Perceived threats from other individuals, groups of people and governments are forcing internet users to turn to IP obfuscation tools, such as the onion router, says a study.
"The most common concern voiced by participants was a fear that their online communication or activities may be accessed or logged by parties without their knowledge or consent," according to the authors.
This threat, which became very real for many Americans after Edgar Snowden revealed the extent of the National Security Agencies surveillance and monitoring practices, has been ever-present for users in other countries for some time.
More recently, an investigation by American Civil Liberties Union (ACLU) of Northern California found that Facebook, Twitter, and Instagram provided user data access to a developer of a social media monitoring product that helped police monitor racially charged protests in Baltimore, Maryland.
The new study led by researchers at Drexel University set out to gather the stories of people working on collaborative projects online -- like editing Wikipedia -- and concerned about their privacy and taking steps to protect it.
The researchers interviewed 23 people, from seven countries ranging in age from 18-41, who either use anonymity tactics or consider how to protect their privacy while participating in open collaborations, like Wikipedia.
Twelve of them access the internet for online collaborations using Tor software to mask their IP address, which means the location of their computer cannot be ascertained and logged by the sites they visit.
People who want to be online without being traced have been using Tor -- the onion router -- for more than a decade. While it has the reputation of being a service for people to do nefarious deeds online, many reporters and political dissidents turned to the anonymity network following Edward Snowden's revelations about the National Security Agency's invasive online monitoring activities.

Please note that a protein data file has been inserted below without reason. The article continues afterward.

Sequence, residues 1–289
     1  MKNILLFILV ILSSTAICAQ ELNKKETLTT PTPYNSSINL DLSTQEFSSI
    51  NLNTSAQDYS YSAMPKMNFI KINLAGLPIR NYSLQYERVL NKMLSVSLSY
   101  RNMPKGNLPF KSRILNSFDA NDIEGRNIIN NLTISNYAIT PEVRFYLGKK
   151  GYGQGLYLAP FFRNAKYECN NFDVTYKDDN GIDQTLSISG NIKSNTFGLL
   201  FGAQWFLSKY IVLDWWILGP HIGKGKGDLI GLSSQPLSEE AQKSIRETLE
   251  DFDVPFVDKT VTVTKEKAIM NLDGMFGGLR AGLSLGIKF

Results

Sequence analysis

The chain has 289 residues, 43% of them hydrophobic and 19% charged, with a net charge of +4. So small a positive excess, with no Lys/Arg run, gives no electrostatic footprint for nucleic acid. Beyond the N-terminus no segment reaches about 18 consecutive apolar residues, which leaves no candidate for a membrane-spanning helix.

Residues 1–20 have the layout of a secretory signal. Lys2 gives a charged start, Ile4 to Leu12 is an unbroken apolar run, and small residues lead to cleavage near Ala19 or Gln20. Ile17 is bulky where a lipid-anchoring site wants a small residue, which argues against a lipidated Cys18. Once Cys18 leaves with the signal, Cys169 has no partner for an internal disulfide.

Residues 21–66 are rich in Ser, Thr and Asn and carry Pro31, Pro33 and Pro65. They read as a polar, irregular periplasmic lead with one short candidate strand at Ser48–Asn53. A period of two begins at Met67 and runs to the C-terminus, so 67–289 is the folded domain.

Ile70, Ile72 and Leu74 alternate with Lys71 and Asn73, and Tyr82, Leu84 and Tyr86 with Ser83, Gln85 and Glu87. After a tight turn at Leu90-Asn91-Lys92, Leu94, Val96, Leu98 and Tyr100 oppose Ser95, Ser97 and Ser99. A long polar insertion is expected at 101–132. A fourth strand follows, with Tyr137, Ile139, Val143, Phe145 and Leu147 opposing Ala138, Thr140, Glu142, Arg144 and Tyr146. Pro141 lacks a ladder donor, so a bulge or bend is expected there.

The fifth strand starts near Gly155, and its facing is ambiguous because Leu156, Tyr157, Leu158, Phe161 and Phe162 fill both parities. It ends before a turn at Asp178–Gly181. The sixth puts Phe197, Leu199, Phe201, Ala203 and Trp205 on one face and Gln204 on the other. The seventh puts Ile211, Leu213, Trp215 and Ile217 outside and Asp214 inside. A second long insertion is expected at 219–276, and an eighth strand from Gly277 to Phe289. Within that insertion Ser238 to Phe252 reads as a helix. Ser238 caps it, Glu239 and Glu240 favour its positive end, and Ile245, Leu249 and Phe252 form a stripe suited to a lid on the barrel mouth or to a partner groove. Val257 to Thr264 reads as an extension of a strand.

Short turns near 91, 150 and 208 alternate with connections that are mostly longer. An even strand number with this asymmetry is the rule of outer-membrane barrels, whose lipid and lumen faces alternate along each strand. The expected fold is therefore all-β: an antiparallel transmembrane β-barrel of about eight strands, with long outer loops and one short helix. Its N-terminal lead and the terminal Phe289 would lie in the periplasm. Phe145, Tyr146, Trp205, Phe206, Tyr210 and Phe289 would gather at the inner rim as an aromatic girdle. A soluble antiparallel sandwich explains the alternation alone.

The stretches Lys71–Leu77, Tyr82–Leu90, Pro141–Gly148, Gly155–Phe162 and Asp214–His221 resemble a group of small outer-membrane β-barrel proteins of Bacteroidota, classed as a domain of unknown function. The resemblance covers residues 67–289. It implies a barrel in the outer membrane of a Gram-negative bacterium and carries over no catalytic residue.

The study's central finding is that perceived threats from other individuals, groups of people and governments are substantial enough to force users below the radar in order to protect their reputation, themselves, and their families.
"Wikipedia editors are volunteers who are trying to build a comprehensive free information resource for everyone on the planet. Tor users are often not seen in those positive ways. But these two organisations are actually committed to the same things -- a free global exchange of information with everyone able to participate," said lead author of the study Andrea Forte, Associate Professor in Drexel's College of Computing & Informatics.
The study, entitled "Privacy, Anonymity, and Perceived Risk in Open Collaboration: A Study of Tor Users and Wikipedians," was published in advance of its presentation at the Association of Computing Machinery (ACM) Conference on Computer-Supported Cooperative Work and Social Computing to be held in Portland, Oregon in February, 2017.
(This story has not been edited by Business Standard staff and is auto-generated from a syndicated feed.)